To state that zombies eat brains for their proportion in fat is still kind of debatable, though: While it does also explain why living flesh is also a distinct part of their menu (they could be after all the fat deposits, after all), it raises the possibility of other, more convenient sources of, er, nourishment. Why don't they raid supermarkets, butcher shops and liposuction clinics, then? If their senses are heightened enough to sniff out the concentrated fat in a human body, then why not do the same for presumably larger concentrations of the stuff in a single convenient place?

A flurry of responses to the same question (asked by bryanboyer) in the Ask Metafilter ("AskMe") offer up a bunch of scientific hypotheses. These range from the physiological (Brains hold both glial cells and and a high cholesterol content, which may help replicate lost brain cells and maintain cell membrane consistency, respectively) to the psychological (It's an instinctive-agressive action for the undead to regain their own lost minds) and the sociological (Because dead bodies without brains cannot exist as zombies, the practice of eating brains helps regulate zombie populations). While these proposed answers are both extremely interesting and well thought-out at the same time, they don't directly reference the current scenario we're looking at. We're looking for a reasonable explanation that not only points out why zombies eat brains, after all, but why they would hunger specifically for brains, and why they adopt a ravenous, highly aggressive stance in doing so. Perhaps the answer actually lies in some combination of these proposals.

Then again, it could simply be that zombies don't necessarily go for brains at all (despite certain media-based attempts at convincing us otherwise), and that the zombies-brains connection is just a logical fallacy that sticks to our heads without explanation. It's possible, after all, that we retain this bit of knowledge simply for its remarkability without delving too deeply into its background. In that way, it's much like any chain letter or urban legend that we encounter: We've all probably heard that one should never consume both Coca-Cola and Pop Rocks at the same time for fear of death, for example, but we never have any concrete evidence as to why this is so. We just remember a Coke-Pop Rocks connection and think little more of it.

That, and I suppose that zombies will always be zombies. They may or may not have reasons for the things they do; It's not as though we can expect them to be about as cognitive as normal human beings, after all. Otherwise they might not even be ambushing people and attempting to eat their, umm... er... brains in the first place.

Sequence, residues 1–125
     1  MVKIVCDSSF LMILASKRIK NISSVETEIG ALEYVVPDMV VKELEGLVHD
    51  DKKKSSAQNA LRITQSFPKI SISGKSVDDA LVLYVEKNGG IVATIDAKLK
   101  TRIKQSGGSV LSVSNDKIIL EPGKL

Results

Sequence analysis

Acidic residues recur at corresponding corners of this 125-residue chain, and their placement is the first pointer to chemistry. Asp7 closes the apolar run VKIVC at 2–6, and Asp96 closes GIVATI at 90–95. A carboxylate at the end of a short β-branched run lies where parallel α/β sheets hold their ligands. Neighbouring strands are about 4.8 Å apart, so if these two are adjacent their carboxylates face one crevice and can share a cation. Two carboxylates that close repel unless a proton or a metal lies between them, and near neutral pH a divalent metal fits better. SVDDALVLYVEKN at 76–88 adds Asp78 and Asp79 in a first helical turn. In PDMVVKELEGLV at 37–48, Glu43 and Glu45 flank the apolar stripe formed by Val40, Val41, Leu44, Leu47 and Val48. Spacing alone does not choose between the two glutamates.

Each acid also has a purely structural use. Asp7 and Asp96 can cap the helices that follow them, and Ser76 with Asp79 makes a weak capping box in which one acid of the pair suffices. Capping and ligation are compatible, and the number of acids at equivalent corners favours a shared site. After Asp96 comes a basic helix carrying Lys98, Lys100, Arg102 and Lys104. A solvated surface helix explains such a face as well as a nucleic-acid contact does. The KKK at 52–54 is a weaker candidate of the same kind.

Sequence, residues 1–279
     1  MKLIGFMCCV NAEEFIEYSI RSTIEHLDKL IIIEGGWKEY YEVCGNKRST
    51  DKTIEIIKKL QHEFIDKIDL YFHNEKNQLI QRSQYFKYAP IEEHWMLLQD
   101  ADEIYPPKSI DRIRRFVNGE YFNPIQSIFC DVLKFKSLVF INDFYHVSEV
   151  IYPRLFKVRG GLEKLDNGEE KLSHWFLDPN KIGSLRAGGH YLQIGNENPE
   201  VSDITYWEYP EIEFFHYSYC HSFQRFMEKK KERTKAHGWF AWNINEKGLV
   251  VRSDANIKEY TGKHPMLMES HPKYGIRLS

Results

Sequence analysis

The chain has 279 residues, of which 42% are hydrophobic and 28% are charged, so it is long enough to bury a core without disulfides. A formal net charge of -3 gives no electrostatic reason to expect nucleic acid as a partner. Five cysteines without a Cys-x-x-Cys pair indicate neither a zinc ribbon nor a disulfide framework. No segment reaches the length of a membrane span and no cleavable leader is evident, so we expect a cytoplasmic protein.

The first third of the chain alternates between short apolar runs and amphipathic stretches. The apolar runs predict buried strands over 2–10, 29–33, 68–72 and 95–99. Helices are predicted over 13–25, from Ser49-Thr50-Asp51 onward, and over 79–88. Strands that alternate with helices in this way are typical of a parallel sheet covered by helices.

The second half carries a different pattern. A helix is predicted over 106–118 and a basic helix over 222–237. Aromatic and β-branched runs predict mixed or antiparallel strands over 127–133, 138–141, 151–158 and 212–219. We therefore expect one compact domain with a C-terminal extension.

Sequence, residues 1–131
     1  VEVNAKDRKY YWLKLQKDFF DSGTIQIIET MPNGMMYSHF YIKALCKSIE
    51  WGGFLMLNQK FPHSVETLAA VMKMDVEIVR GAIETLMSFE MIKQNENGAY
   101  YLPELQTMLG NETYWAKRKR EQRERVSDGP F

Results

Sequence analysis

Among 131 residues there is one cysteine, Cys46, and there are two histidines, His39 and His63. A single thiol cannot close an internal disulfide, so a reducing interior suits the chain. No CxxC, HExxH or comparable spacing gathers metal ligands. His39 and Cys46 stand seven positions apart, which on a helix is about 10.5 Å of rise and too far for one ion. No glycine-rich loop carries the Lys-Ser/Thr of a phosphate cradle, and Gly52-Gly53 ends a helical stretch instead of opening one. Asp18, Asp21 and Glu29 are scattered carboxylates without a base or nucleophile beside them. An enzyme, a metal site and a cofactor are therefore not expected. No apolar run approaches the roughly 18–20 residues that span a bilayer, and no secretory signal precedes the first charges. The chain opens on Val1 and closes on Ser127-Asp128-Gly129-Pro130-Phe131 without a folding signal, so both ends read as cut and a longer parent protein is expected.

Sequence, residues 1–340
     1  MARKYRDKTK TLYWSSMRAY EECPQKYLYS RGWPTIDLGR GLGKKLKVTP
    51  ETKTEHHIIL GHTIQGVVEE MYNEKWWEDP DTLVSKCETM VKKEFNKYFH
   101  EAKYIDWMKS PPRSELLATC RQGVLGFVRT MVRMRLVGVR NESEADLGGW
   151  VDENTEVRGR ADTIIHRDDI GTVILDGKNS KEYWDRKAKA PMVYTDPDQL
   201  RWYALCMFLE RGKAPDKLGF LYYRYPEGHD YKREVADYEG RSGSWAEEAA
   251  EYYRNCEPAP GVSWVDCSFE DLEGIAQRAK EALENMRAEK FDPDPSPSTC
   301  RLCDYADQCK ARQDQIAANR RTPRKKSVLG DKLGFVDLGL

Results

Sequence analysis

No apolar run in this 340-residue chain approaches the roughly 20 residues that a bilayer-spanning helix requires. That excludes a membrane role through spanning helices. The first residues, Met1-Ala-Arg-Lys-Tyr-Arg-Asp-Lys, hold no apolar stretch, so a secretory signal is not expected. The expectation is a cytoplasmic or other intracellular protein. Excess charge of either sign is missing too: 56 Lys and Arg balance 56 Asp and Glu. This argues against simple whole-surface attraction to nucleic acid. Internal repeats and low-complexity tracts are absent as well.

With that, I'll leave this question up in the air. Even if we do manage to come up with an explanation that covers all the bases, I suppose, we'd be left with no guarantee that it'll justify the opinions of the zombie-oriented public out there. People just seem to immediately believe that zombies favor brains for some reason; At this point, I'll say that it's altogether possible that we have no such reason at all to explain the matter.


Dominique said...

Hmmm...maybe it's just because brains are yummy?

Sean said...

Dominique: Nevertheless, the human brain would have to be incredibly, unbelievably, orgasm-inducingly delicious in order for any run-of-the-mill zombie to pursue it as hotly as they do.

Mmmmm... brains. :)

Anonymous said...

Don't knock it till you've tried it.

--Hannibal Lecter

Sean said...

Anonymous: Oooooh... Ray Liotta. :)

Jake said...

It really depends on which type of zombies we're talking about. A lot of zombies don’t eat brains, or at least don’t eat brains exclusively. It’s mainly zombies that have been reanimated by toxic chemical spills that are in need of brains. See, chemical reanimation affects a corpse by combining the toxic agents with the natural byproducts of decay. This reaction creates an altered chemical that becomes intrinsic to the corpse. The new chemicals react in the nervous system of the corpse to simulate normal body functions such as locomotion, sensory data processing, and, in limited cases, speech. Of course, the simulation is not perfect, hence the zombies’ characteristic herky-jerky movements, slow reactions, and garbled moaning speech. The brain, or what is left of it, is stimulated in such a way that relatively intelligent zombies are possible and common. Chemical zombies are also harder to kill because they do not require normal brain function to move and cannot be stopped simply by damaging the brain. The chemical reaction can take place in any neuron, so if there is any nervous material left, the zombie (or zombie pieces) will continue to attack. “Why do they attack?” you might ask. Well, the chemical reaction taking place in the body causes extreme pain and the violently stimulated nervous system amplifies this pain. Zombies are able to alleviate this pain by, you guessed it, eating brains. This is simply because the chemicals will react with any nervous material internal to the body, including the ingested brains. This causes a temporary lessening of the chemical attack on the body of the zombie and a corresponding alleviation of the extreme pain. In a rather surprising display of meme propagation among the undead and in what limited capacity that they are able to, the zombies almost universally think of this and have been known to refer to it as the “pain of being dead.”